From March 2012 to April 2013, a crypto exchange named in Verner and Bilyuchencko’s indictment as “the New York Bitcoin Broker,” sent about $6.6 million to the hackers’ bank accounts in exchange for “credit” on BTC-e. It’s not known what firm that was exactly.
BTC-e also used the Australia-based forex exchange FX Open and U.K.-based Mayzus Financial Services for transactions with fiat money, the documents say.
Unsealing the history of BTC-e
The unsealed indictment also clears the names of several people who previously have been considered by the investigators as Vinnik’s co-conspirators in running BTC-e.
According to the previous version of Vinnik’s indictment filed under seal in 2016, the Department of Justice earlier believed that Vinnik had a co-founder, named Andrey Nikonorov, as well as co-owners of the BTC-e shell company, Seychelles-registered Canton Business Corporation, Alexander Buyanov and Stanislav Golovanov.
However, the new version of Vinnik’s indictment says that Nikonorov, Buyanov and Golovanov actually did not participate in the criminal activities related to BTC-e, but rather, Vinnik used their identities to cover his tracks, the DOJ attorney Ismail Ramsey wrote.
“When conducting business related to BTC-e, Defendant Alexander Vinnik made efforts to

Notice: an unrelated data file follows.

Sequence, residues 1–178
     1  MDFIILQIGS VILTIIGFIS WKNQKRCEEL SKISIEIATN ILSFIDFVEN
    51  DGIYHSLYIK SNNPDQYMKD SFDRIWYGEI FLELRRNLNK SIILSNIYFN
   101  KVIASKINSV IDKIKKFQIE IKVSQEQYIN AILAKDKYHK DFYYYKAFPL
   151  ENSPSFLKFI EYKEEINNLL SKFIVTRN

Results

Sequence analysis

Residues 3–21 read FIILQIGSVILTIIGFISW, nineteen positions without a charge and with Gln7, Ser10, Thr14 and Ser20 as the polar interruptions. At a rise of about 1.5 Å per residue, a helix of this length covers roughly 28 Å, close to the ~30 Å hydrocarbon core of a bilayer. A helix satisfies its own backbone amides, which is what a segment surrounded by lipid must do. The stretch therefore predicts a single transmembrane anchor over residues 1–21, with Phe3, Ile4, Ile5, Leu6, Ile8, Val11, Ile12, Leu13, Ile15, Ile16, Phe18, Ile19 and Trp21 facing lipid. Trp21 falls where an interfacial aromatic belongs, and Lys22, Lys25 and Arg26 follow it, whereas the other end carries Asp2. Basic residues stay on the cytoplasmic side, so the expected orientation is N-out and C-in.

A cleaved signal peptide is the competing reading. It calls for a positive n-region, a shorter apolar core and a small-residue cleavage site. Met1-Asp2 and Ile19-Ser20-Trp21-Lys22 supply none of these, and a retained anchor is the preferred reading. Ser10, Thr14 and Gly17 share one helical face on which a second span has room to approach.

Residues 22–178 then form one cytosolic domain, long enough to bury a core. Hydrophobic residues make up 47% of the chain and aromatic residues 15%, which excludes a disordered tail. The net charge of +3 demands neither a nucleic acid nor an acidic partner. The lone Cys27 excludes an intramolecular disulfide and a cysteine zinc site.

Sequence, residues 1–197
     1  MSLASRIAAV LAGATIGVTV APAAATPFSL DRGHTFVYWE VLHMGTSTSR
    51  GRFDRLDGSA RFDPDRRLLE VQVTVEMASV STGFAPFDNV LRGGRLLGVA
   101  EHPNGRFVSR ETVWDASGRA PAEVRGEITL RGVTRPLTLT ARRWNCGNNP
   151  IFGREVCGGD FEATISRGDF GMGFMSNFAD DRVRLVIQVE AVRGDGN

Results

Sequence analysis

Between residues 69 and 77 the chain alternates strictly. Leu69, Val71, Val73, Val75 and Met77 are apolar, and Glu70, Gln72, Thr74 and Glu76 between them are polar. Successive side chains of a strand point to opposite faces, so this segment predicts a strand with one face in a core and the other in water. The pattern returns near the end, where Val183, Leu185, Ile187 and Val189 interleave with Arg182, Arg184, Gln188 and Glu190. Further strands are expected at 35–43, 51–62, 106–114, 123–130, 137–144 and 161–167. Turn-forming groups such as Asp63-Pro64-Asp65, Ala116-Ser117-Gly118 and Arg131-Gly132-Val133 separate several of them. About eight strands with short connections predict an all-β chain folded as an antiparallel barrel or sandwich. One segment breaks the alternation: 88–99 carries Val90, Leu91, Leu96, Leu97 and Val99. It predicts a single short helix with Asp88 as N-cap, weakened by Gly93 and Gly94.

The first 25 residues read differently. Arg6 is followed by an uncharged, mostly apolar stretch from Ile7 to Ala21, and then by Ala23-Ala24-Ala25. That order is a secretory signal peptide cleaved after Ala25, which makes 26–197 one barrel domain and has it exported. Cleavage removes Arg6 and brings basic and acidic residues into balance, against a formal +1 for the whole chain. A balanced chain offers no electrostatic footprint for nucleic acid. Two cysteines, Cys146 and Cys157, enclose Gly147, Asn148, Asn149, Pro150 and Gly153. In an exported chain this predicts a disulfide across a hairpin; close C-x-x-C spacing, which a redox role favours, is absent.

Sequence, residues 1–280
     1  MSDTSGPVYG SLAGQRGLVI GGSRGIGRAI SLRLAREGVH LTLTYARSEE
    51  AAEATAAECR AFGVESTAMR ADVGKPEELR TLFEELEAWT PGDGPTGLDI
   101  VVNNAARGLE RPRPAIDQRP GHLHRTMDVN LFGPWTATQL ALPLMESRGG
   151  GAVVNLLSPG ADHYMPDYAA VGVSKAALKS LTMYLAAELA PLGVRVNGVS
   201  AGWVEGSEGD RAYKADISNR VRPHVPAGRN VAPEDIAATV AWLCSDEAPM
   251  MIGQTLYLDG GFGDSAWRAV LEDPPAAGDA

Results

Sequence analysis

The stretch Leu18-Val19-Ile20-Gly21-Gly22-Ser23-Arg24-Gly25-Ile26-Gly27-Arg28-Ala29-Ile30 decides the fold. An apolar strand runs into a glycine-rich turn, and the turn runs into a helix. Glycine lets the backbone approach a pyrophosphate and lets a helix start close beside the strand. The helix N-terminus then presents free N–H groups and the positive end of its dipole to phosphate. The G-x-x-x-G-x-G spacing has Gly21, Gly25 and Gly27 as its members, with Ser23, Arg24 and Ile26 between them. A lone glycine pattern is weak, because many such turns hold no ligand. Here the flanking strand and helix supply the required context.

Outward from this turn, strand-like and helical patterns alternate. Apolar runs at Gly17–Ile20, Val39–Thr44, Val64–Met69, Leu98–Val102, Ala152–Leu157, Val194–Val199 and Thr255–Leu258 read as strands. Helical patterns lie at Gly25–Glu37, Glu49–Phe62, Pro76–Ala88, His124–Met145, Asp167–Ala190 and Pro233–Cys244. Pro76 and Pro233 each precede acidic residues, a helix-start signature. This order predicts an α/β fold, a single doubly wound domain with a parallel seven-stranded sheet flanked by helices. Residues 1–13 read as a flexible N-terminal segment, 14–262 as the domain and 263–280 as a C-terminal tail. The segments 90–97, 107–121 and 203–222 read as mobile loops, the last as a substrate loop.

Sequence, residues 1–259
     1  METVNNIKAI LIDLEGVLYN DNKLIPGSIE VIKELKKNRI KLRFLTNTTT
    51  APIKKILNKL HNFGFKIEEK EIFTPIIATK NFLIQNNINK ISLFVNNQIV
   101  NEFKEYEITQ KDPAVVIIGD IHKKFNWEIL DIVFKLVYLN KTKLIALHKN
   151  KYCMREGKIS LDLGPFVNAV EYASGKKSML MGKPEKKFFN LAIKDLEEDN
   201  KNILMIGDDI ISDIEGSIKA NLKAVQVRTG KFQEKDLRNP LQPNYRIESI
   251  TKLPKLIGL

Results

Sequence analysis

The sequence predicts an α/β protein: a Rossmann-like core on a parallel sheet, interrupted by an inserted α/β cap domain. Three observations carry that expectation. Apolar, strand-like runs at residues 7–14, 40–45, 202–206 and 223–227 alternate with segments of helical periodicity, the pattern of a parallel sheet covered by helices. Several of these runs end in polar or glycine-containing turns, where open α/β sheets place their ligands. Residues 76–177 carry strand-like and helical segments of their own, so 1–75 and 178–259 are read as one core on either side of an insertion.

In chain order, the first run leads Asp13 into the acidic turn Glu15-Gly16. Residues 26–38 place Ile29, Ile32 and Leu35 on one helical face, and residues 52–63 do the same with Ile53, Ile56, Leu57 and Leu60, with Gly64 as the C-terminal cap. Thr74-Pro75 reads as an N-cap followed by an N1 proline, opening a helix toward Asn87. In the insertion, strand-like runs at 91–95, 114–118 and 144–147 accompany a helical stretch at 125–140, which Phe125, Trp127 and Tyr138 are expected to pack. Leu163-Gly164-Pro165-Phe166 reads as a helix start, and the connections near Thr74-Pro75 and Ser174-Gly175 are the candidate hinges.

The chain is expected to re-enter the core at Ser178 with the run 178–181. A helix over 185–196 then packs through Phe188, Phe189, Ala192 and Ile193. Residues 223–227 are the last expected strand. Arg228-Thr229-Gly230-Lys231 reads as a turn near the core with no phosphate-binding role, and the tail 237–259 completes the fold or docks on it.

conceal his true identity. This included appropriating the identities of Andrey Nikonorov, Stanislav Golovanov, and Alexander Buyanov,” the document reads.
Andrey Nikonorov, who was also a co-founder of the ZrCoin crypto project, told CoinDesk today he knew Vinnik but was merely a user of BTC-e and provided the exchange with his identifying documents to be able to conduct a bank transfer. He also believes that Vinnik himself was just an employee of BTC-e who did not come across as a wealthy business owner at all.
Russian news outlet RBK talked to Alexander Buyanov for an investigation into BTC-e in 2017, and Buyanov, who was a DJ at a Moscow nightclub at the time, told the outlet he did not know anything about BTC-e before the news of its shutdown and Vinnik’s arrest.
Mt. Gox, Silk Road, Fancy Bear
BTC-e was an exchange powerhouse back in the day, and a big part of its money came from various crimes, the DOJ says. Starting in 2011, the exchange served about 700,000 users and its bitcoin wallet received over 9.4 million BTC before December 2016, the DOJ said.
Users included the ransomware gang CryptoWall and Fancy Bear, the hacker group believed to be sponsored by GRU, Russia’s military intelligence agency. Fancy Bear hacked the computer systems of the Democratic Congressional Campaign Committee and the Democratic National Committee during the 2016 presidential campaign. The hackers used BTC-e for their crypto dealings, as well as two other, unnamed crypto exchanges, according to the blockchain intelligence firm Elliptic.